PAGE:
Introduction: Access to expert, evidence based clinical decision making is crucial in maximizing the outcome of women with breast cancer, but is a scarce resource, especially in developing countries. The Navya Expert System is a patented, software based clinical decision support system that exhaustively searches and assimilates relevant medical literature and guidelines to make specific therapeutic recommendations for individual patients based on their clinical data. This study is a retrospective validation of Navya Expert System's output against tumor board decisions of a multidisciplinary group of expert breast cancer clinicians working in a tertiary care oncology center in India.

Methods: Women with non-metastatic breast cancer who had already completed their loco-regional and systemic therapy based on the recommendations of the tumor board were included in the study. The protocol specified clinical and pathology data of these women were retrospectively abstracted from their case charts and processed through the Navya Expert System. The output was classified into major (neo-adjuvant chemotherapy versus upfront surgery and need for adjuvant chemotherapy, endocrine therapy and radiation therapy, respectively) and minor (breast conservation versus mastectomy, taxane versus non-taxane adjuvant chemotherapy and need for nodal radiation therapy) therapeutic decisions. Decisions discordant between the tumor board and the Navya Expert System were adjudicated by an expert panel of breast cancer clinicians from the same institution. Navya Expert System decisions were classified as discordant with appropriate clinical practice if they were in disagreement with both the tumor board and expert panel. All other Navya Expert System decisions were classified as concordant. The primary outcome of the study was concordance between the Navya Expert System and the tumor board or expert panel for major and minor therapeutic decisions.

Results: A total of 76 patients involving 224 major and 224 minor therapeutic decisions were included in the study. Navya Expert System's output was concordant with the tumor board or expert review in 224/224 major decisions (100%, 95% CI 99.6%-100%) and 221/224 minor decisions (98.6%, 95% CI 97.1%-100%). Navya Expert System's output was concordant with the tumor board alone in 210/224 (93.75%, 95% CI 90.6%-96.9%) major decisions and 160/224 (71.4%, 95% CI 65.5%-77.3%) minor decisions. Most common reasons for discordance were non-prescription of HER2 targeted therapy by the tumor board due to financial constraints and non-use of nodal radiation for 1-3 node positive patients. Of the 64/224 Navya Expert System decisions discordant with the tumor board, only 3 were finally deemed discordant after review by the expert panel.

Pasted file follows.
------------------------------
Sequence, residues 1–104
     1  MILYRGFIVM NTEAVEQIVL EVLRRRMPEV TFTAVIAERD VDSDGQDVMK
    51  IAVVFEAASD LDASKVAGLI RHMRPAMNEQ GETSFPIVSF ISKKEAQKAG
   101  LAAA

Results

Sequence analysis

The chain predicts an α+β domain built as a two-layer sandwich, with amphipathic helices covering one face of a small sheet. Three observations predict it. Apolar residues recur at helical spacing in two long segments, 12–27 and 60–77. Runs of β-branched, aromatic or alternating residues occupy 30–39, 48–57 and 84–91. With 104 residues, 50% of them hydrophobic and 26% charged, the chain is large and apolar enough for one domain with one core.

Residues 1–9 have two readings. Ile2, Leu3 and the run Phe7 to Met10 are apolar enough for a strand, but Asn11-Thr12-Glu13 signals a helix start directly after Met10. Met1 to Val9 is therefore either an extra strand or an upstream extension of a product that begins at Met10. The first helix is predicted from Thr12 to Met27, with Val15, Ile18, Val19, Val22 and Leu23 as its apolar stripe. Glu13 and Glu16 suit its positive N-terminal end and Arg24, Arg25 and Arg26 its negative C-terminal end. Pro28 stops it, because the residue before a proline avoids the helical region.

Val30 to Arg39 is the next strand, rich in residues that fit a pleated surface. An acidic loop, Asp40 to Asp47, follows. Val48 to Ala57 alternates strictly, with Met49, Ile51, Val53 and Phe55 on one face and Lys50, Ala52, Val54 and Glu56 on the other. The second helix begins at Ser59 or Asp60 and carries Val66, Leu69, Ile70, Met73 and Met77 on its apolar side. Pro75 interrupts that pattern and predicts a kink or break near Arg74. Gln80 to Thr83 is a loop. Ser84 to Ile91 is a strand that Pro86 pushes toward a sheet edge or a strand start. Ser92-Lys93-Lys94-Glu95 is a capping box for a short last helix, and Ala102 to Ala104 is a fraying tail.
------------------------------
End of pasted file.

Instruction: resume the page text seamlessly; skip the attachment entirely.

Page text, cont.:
Conclusions: Navya Expert System treatment recommendations, only requiring the input of commonly available clinical data, are highly concordant with those of a tumor board comprised of breast cancer experts with high level expertise. If these results can be prospectively validated, Navya Expert System has the potential to increase global access to evidence based clinical decision making in breast cancer.

Citation Format: Nita Nair, Sudeep Gupta, Naresh Ramarajan, Gitika Srivastava, Vani Parmar, Anusheel Munshi, Shraddha Vanmali, Vaibhav Vanmali, Rohini Hawaldar, Rajendra A Badwe. Validation of a software based clinical decision support system for breast cancer treatment in a tertiary care cancer center in India [abstract]. In: Proceedings of the Thirty-Seventh Annual CTRC-AACR San Antonio Breast Cancer Symposium: 2014 Dec 9-13; San Antonio, TX. Philadelphia (PA): AACR; Cancer Res 2015;75(9 Suppl):Abstract nr P4-16-01.